Trust and Charity


The trust and patience of consumers is a garden to be tended not a forest to be clear cut. [Bruce Philp; Canadian Business, December 2014]

I hate door to door marketers. I hate them so much that if the Queen of England herself were to knock on my door unexpectedly I would simply ignore her. My home is my sanctuary and any attempt to breach its fortifications unannounced will be defended against in the most passive-aggressive manner possible. I have been known to walk past the window, make eye contact with a door to door marketer and keep going without so much as a nod. The message I’m sending should be loud and clear; I don’t know you, you are not welcome here, go away!

Or as my friend’s “welcome” mat says;

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I reserve my worst stink-eye for the utility companies that want me to sign up for flat rate natural gas, I once made the mistake of allowing one into my home and became so discussed with his aggressive tactics that I had to literally throw him out. But charities aren’t much better and over the last few years they’ve been getting worse.

Don’t get me wrong, I like charity. I am a huge proponent of philanthropy both for myself and for my clients. There is no better use of excess wealth than to give it away to a worthy cause. You can’t take it with you and if you don’t make provision for it while you are living the government is going to decide for you what is done with your money so you may as well give it to a worthy cause while you can. But recent statistics have shown that even with the economy in recovery mode Canadians charitable giving is down.  Why? I think it has a lot to do with the fact that most charities have begun to break the rules of etiquette and head down a slippery slope toward harassment.

It’s not just the door to door marketers who are to blame. When I worked in Toronto I would have to walk through a busy shopping district on my way to and from the train station every day. This time of year there were days when it felt like I was literally running the gamut in an attempt to avoid being harassed by aggressive clip board wielding students attempting to get me to sponsor a child in the developing world or subscribe to an over-priced magazine about global warming.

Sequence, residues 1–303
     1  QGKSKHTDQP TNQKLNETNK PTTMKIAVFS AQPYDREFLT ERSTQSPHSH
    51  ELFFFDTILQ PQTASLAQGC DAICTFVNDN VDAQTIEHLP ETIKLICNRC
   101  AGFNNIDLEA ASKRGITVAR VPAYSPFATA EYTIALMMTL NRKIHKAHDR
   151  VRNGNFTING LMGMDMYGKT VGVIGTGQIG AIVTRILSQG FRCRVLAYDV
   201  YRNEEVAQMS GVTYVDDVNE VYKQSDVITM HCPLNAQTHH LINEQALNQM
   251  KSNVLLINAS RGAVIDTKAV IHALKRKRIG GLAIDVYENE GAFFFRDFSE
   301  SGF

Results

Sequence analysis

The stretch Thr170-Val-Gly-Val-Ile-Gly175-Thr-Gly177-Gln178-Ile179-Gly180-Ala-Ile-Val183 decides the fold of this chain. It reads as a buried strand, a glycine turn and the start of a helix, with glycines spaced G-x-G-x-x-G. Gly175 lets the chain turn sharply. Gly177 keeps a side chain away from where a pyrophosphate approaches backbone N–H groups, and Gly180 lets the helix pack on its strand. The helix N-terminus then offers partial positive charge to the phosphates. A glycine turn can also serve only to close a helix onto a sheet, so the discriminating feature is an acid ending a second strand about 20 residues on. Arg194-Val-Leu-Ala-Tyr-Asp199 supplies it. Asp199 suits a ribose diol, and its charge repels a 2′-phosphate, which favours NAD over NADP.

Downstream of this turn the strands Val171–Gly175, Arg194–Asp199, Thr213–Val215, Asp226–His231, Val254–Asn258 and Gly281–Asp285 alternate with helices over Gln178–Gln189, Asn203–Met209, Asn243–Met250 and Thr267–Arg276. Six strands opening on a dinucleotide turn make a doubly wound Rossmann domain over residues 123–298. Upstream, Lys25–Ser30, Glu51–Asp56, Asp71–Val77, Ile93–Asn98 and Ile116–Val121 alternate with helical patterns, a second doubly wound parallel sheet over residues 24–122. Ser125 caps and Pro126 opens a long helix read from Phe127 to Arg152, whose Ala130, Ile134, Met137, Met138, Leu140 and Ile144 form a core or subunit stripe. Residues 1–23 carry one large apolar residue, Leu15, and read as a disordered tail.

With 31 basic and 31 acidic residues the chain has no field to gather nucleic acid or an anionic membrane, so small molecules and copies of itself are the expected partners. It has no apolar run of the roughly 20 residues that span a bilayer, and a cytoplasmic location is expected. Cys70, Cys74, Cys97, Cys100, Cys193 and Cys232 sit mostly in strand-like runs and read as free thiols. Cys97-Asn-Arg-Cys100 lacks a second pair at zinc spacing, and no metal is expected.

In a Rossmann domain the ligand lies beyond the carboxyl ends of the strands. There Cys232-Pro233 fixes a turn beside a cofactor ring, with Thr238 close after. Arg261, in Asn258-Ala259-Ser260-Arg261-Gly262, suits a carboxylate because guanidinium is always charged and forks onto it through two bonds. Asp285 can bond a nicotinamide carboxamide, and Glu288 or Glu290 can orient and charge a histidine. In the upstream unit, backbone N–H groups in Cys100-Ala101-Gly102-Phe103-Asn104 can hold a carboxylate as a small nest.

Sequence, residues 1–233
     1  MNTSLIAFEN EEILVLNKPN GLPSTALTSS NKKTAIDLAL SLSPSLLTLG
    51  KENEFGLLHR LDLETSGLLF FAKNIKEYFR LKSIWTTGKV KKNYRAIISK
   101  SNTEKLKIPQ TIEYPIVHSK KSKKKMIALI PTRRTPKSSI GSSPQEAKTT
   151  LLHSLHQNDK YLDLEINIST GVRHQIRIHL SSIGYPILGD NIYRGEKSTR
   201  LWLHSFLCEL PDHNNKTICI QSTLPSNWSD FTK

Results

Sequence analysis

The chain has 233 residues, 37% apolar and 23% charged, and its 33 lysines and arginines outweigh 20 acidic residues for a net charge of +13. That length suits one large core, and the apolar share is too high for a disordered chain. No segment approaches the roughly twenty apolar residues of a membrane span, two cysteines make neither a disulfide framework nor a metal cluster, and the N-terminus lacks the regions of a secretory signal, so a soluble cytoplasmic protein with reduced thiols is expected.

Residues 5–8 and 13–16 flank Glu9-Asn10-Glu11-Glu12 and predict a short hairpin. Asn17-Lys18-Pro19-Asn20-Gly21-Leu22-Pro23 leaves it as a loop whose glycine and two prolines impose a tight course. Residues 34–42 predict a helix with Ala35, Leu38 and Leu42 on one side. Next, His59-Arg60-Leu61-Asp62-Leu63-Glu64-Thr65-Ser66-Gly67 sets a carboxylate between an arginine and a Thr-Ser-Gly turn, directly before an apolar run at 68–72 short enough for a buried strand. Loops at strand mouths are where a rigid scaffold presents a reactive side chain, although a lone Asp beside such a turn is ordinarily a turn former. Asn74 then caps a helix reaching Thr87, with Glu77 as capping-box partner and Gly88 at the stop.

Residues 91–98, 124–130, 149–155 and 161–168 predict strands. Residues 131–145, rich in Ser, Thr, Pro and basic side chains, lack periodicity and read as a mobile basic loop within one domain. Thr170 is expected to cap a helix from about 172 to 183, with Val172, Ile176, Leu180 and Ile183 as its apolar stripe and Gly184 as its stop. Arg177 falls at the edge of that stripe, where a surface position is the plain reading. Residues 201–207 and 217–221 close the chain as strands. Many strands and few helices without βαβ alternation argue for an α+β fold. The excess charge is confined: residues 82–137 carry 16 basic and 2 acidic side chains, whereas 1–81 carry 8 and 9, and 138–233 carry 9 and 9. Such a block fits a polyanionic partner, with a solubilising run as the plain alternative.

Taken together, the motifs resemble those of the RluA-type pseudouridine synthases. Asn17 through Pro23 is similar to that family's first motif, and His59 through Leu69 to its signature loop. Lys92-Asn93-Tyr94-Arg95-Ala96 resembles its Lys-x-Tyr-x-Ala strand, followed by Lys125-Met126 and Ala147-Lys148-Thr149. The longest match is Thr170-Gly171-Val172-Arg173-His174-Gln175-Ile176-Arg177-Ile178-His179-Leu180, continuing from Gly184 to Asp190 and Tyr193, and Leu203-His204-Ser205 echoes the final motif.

Bruce Philp, a brand strategy consultant and columnist for Canadian Business Magazine recently stated that it is these tactics that are training us that compassion is the road to marketing hell and I tend to agree. Last year I contributed (for me) a significant amount of money to a few local charities. As a result of my philanthropy my contact information was sold to what seems like every other charity in the country. I have received more appeals for help than I thought possible, each with their own heart wrenching story of need accompanied in most cases by a package full of greeting cards, address labels and in a few cases a cheap pen. One even sends me a nickel every few months with a cheeky appeal along the lines of “I we had a nickel…” Here’s a thought – if you had kept this one you wouldn’t need me to send you another one!

I realize I’m starting to rant here and I don’t want to do that so here’s the point. As I stated above I like charity, I even consider myself somewhat of an amateur philanthropist. But I am not going to change my pattern of giving because you sent me a cheap pen with which to write a cheque. I give to causes that I know, understand, agree with and can confidently say are doing good work. No cheap pen, address label or aggressive student on my doorstep is going to change that. In fact if an organization that I currently support were to change their tactics and start to pressure me into greater giving in this way they would be more likely to lose my support altogether than gain more.

With charitable giving on a downward trend I am sure I am not alone in this sentiment and the marketing departments at these charities would to well to recognize what they are actually doing. As Philp says “The job of marketing isn’t just to make this year’s numbers but to ensure charities can come back next year and the year after that.”

Charitable giving is a deeply personal and relational activity. Don’t treat your donors like a transactional customer, treat us like partners for the cause and never, EVER, sell our contact information to the highest bidder. Merry Christmas and please give to those in need.

For more on The Meekonomics Project philanthropic giving programs and consulting work for non-profits and charities write to themeekonomicsproject@gmail.com

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